June 12, 2006

WHO: Show Us You're Breastfeeding!

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"Breast is Best" is apparently not good enough for the World Health Organization and the Dept. of Health & Human Services, who have instituted a new awareness campaign claiming that not breastfeeding is actually risky, for both a mom and a child.

There's talk of putting warning labels on baby formula, and ads equating bottlefeeding with getting thrown from a mechanical bull while pregnant. Classy. The campaign's goal: bump up the % of kids who get breastfed for 6+ months from 33 to 50.

And just in case you haven't heard every possible benefit, risk, and talking point in the breast vs. formula debate the NY Times article goes through them all. [Except, of course, for any mention of common breastfeeding complications or difficulties like mastitis, or any discussion of why women stop breastfeeding when they do.] Get ready to man the pumps, because there's a guilt wave a-comin'.

Breast-Feed or Else [nytimes]

25 Comments

To equate using formula with being tossed from a mechanical bull while pregnant? WHO is being irresponsible and, in fact, cruel. How can anyone trust an organization who is prone to such hyperbole and meanness.

I would ask that you read the article carefully and see that science supports WHO. They have to attract attention to cut through all the advertisements for formula, doctors who jump to supplement too soon, and lack of support that women in the U.S. get for breastfeeding. It is an important enough health crisis to warrant the means.

[it's definitely a change in tone and approach from the warm, snuggly 'breast is best' campaign. I'd just like to see a bit more acknowledgement of the often-difficult realities of breastfeeding, too. And some efforts that address the reasons women stop (or don't start). Because until that happens, there's going be a lot more guilt and pressure and inadequacy before there's a lot more breastfeeding. -ed.]

Great! Just what American mothers need--more guilt.

It's too bad the guilt won't come with any actual policy changes like paid parental leave, social security benefits for non-employed caregivers, or workplace accommodations for breastfeeding mothers.

WHO may have science on its side, but, as usual, actual parents have nobody on their side.

Sorry, fellow posters, I didn't read the article as negatively as you did. My wife continues to exclusively breast feed our 20 month old son. She has definitely endured the hardships mentioned, but also an unnamed difficulty: Older generational women who criticize her for breast feeding AFTER six months!!!

[After surfing through the HHS breastfeeding campaign site, the risks/negative info is clearly offset by a lot of benefit and upbeat howto information. But there are still links on the front page to some fairly strident and/or poorly argued critiques by breastfeeding activists. I think it's safe and easy to acknowledge the cluelessness of women who raised kids in the breastfeeding-is-for-commie-hippies age, bless their hearts (hi, Mom!), but scaring or browbeating conscientious parents into doing something still bugs, even if it's "good" for the kid. -ed.]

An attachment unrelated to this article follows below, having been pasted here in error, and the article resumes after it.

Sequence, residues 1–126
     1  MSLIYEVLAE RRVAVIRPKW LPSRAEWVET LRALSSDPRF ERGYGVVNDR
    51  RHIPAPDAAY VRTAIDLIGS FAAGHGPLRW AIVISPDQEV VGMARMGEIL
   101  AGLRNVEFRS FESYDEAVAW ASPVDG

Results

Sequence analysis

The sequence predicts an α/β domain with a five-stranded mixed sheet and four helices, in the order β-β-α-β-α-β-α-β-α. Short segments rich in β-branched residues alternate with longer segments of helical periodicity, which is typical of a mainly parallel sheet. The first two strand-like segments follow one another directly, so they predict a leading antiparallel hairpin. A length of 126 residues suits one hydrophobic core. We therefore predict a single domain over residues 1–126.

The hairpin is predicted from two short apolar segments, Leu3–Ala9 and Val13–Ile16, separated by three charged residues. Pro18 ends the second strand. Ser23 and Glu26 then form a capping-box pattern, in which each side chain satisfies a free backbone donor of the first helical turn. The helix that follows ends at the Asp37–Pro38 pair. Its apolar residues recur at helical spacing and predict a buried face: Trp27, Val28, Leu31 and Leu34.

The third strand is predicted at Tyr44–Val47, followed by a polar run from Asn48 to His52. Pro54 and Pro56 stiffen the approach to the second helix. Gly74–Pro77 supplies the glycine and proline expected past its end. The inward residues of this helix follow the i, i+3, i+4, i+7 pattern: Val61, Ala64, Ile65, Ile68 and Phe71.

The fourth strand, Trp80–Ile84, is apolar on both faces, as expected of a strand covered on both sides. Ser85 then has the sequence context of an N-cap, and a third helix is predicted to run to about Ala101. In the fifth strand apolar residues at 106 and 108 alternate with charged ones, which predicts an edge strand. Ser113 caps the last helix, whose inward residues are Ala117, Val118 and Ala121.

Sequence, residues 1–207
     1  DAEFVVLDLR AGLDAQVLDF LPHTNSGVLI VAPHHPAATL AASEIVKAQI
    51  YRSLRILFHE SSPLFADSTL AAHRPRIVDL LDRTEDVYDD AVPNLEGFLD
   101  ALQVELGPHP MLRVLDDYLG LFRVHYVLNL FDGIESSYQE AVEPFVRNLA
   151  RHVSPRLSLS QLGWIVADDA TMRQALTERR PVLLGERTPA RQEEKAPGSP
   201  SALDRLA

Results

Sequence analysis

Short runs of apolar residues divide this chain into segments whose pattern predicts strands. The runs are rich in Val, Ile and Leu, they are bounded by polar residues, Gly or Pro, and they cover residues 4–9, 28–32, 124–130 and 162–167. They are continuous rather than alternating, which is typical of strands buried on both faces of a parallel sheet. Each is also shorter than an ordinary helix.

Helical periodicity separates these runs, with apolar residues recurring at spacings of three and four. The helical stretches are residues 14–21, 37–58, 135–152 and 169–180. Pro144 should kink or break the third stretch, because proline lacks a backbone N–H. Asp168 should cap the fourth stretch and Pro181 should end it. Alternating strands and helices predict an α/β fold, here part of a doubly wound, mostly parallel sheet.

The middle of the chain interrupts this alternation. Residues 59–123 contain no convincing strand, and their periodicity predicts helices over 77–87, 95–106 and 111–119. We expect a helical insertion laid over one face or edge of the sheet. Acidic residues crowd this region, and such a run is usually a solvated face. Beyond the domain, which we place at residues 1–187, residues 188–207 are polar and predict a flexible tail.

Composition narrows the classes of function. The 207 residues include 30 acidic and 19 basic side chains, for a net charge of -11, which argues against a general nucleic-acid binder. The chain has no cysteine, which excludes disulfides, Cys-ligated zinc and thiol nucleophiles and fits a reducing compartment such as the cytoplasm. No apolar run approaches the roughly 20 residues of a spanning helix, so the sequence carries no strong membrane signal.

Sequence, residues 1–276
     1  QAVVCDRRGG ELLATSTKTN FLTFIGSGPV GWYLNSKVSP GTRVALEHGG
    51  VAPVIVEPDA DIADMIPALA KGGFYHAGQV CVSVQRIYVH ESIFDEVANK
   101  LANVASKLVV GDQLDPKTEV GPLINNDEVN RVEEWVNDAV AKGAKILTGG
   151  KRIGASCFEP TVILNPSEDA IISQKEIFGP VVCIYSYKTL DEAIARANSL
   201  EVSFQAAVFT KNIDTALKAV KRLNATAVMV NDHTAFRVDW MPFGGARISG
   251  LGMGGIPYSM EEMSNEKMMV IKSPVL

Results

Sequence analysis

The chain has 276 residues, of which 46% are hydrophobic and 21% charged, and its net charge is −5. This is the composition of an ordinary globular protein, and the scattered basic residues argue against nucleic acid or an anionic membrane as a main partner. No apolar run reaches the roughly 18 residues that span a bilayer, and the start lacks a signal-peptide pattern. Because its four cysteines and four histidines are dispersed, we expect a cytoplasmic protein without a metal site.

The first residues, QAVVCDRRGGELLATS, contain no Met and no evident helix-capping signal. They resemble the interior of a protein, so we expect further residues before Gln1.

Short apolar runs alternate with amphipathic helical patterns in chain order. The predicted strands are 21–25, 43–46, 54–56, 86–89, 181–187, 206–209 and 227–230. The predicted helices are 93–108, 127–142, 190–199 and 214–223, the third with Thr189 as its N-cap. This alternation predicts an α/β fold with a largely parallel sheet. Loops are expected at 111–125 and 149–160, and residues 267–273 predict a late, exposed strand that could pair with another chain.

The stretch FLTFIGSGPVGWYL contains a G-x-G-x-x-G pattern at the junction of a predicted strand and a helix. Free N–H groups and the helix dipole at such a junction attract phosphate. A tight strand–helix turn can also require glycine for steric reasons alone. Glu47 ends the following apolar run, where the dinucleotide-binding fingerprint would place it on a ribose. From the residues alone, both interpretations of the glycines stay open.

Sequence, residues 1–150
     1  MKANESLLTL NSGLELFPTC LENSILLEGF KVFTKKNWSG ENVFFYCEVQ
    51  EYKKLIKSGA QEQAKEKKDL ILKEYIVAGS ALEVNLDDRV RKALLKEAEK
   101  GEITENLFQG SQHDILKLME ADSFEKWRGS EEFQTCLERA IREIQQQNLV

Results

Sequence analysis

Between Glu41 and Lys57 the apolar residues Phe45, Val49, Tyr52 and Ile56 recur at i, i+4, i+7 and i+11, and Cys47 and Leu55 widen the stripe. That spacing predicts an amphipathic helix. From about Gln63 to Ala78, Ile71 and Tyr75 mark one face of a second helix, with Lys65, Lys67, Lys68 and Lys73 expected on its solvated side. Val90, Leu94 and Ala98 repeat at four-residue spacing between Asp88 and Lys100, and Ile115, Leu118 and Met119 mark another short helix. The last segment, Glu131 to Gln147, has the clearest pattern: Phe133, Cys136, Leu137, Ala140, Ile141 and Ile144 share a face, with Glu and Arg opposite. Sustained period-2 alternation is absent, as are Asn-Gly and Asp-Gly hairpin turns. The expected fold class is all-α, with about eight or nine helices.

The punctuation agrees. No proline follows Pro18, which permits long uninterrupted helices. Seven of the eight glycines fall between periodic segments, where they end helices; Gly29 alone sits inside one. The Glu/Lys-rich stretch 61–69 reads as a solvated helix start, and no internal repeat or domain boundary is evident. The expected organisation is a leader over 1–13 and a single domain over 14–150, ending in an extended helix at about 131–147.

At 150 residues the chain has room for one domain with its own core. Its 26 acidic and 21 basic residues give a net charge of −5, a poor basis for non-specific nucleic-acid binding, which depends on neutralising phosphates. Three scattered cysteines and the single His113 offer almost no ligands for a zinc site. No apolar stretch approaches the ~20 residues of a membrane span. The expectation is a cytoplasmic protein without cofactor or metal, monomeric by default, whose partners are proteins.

The breastfeeding advocates need to focus their ire on the companies that women work for, rather than guilting the women themselves. If companies did a better job with maternity leave (3 months is nothing!), lactation leave, etc and if insurance companies covered lactation consultants then maybe more women would breast feed.

Also, it's not exactly easy to bf, as the bf advocates imply. Our Dr. Sears book was excellent, except for the fact that they refused to admit how hard it would be to bf, let alone the fact that many modern women who are used to fulfilling and demanding careers find bf-ing for 8+ hrs a day to be a huge challenge. My wife actually began to resent bf time b/c it was so wearisome on her nipples (blisters!), challenging for our colicky-little baby, and took so long that it left little time for bonding with our infant in other ways or even managing simple household tasks. Thankfully, we had a great, supportive doula and a lactation consultant who wasn't a militant, so we've made it to the 7 week mark and my wife has become a champion bf-er.

Until bf advocates like those in the NYTimes article make a more concerted effort to realistically address the challenges of bf-ing in the modern world populated by working women then they can give up hope of increasing bf rates in America.

ps -- there's a LOT of ridiculous assumptions made by the bf advocates re: childhood obesity rates and non-bf babies. For example, high obesity rates correlate equally with poorly-educated families, less-wealthy families, families that rely upon fast food diets, AND with non-bf-ing families. Which one causes the obesity? It's far more complex (and interrelated) than laying the blame on non-bf-ing. Sorry to say it, but bf-ing will NOT save the world. It's harder than that.

I'm really surprised at this idea that just because Breastfeeding is "hard", women shouldn't be encouraged to do it. What part of parenting is easy? It's "hard" and inconvenient to change a diaper in a restroom that has no changing table? I guess that means that we should feel OK about leaving our baby in a dirty diaper instead.
Breastfeeding is a learned skill just like every other parenting skill. There are people all over the world who are trained to help breastfeeding moms for free. If there is pain with breastfeeding, something is wrong and help should be sought. In actuality, the number of women who "cannot" breastfeed is far smaller than the general populus thinks.
Why is this campain to hard to understand? There is nothing risky about breastfeeding? There are an abundance of benefits for moms and babies alike. But it's "hard"? What about children who are allergic to cow's milk or soy? What of those babies? Is it too "hard" for their moms to do what's best for those children? Look at the science and the studies. Why are people coming to the defence of formula companies who go into third world countries and push their imitation breastmilk causing impoverished people to think they can't feed their babies without this product. This is who is being championed?